Since the top-middle stud lines up with the bow on the slipper, that is the first one I did. I positioned the stud on the slipper where I wanted it to go and pressed it into the leather to leave an indentation as a guide for where I would cut slits to insert the stud.

With a sharp exacto knife I put small holes in the leather and through the fabric lining on the shoe in the places where my indentations were. Be careful only to insert the tip of your blade, even if the slit is not quite as big as the prongs on the stud, it is better that they be on the small side than on the large side. Once you start to insert the stud, the holes will stretch to fit the stud.

Next, I pushed the prongs of the stud into the slits I made with my exacto. By bending back the inside of the shoe I could see where the prongs had come through to the inside of the shoe. Taking a pair of pliers, I squeezed the two prongs together so they bent in towards each other. Since I could not get them to lay flat by using only this technique, I then inserted the pliers (any solid object will do) and pressed down on the top of the stud to make the prongs lay flat inside the shoe.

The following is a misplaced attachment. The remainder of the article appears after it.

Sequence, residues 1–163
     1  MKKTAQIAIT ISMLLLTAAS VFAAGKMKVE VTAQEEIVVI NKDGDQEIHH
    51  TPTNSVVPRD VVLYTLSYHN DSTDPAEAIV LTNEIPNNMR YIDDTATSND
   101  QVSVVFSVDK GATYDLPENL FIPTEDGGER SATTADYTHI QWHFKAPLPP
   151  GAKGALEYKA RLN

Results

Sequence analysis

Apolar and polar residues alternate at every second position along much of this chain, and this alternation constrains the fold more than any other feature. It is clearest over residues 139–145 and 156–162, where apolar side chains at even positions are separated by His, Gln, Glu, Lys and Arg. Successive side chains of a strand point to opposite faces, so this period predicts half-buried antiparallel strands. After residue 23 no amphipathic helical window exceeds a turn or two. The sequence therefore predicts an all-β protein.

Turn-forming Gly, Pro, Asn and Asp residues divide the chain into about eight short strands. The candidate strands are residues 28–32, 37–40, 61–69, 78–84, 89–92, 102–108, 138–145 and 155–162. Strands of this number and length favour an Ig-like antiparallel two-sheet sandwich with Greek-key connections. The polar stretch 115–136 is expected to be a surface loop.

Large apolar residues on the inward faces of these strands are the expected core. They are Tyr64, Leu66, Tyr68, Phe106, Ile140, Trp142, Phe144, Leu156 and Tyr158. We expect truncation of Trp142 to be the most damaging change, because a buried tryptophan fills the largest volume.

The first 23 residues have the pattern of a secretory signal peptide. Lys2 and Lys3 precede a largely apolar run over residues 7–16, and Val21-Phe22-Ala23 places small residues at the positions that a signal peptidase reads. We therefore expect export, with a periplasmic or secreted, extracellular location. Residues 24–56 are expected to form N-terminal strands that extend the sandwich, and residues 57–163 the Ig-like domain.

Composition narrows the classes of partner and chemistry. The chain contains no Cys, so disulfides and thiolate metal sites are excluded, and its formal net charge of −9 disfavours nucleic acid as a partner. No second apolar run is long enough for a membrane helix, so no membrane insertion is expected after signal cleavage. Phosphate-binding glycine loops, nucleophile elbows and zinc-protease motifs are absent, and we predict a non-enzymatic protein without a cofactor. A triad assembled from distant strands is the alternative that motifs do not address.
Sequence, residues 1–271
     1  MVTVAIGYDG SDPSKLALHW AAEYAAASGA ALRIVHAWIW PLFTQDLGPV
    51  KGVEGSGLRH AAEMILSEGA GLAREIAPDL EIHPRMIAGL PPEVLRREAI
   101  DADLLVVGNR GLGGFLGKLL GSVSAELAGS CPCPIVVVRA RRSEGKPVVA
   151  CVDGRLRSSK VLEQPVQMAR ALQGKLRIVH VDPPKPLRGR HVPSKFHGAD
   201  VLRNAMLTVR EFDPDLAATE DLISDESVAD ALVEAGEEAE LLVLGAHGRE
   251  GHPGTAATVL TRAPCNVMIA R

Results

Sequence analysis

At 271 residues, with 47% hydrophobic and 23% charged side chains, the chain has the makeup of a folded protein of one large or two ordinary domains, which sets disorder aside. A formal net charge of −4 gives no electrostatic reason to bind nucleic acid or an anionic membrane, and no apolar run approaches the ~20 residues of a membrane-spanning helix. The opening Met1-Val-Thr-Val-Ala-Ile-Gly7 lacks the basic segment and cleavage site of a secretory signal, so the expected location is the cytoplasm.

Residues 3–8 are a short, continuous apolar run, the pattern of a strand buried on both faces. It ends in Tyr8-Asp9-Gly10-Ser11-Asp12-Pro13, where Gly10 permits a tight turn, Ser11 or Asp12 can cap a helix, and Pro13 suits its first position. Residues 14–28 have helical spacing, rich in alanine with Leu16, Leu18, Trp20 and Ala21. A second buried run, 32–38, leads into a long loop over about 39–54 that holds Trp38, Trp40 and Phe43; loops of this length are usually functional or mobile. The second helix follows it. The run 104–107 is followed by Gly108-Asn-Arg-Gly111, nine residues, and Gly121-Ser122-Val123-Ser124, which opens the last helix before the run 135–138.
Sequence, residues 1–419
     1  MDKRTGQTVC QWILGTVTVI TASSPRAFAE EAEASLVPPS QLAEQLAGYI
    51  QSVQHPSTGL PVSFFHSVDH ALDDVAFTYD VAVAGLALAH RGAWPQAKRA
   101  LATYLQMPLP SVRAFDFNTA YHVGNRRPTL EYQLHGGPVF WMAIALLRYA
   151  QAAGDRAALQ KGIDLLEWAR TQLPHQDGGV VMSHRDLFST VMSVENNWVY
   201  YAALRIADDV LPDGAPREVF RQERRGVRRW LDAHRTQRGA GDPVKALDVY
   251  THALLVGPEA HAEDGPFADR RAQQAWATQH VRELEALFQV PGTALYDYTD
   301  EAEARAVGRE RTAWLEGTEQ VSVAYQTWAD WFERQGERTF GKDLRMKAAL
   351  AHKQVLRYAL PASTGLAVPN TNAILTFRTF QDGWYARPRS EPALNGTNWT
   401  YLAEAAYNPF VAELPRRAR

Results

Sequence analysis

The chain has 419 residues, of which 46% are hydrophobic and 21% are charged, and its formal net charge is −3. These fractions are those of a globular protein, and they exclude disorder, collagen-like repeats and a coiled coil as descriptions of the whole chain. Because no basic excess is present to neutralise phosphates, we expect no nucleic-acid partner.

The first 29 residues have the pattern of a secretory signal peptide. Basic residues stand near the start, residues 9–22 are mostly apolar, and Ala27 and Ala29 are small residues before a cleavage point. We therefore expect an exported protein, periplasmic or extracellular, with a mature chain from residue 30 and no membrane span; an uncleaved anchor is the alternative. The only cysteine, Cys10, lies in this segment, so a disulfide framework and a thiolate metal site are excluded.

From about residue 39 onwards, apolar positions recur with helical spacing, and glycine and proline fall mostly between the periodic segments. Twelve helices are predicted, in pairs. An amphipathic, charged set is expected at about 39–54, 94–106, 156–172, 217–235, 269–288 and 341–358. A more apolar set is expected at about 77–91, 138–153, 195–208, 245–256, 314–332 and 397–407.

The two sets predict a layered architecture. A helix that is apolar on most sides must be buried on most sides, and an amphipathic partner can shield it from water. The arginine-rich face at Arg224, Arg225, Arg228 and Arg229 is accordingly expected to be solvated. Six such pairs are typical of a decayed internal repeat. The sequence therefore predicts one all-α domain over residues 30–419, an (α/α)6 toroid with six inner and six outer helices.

Following the triangle pattern I wanted to achieve, I continued to apply studs until both slippers were completed. This simple DIY took me about 30 minutes total, saved me money, and I ended up with a product that I think is just as good as what I could have bought, maybe even better since I did it myself! I might have to make a pair of black ones next…

*Note: When I got my slippers in the mail I thought they were too loose and I would have to return then for a different size. Then I realized that the cute little bow is an elastic drawstring. If you think you slippers are oddly baggy, just tighten up the strings and they will fit around your foot much better!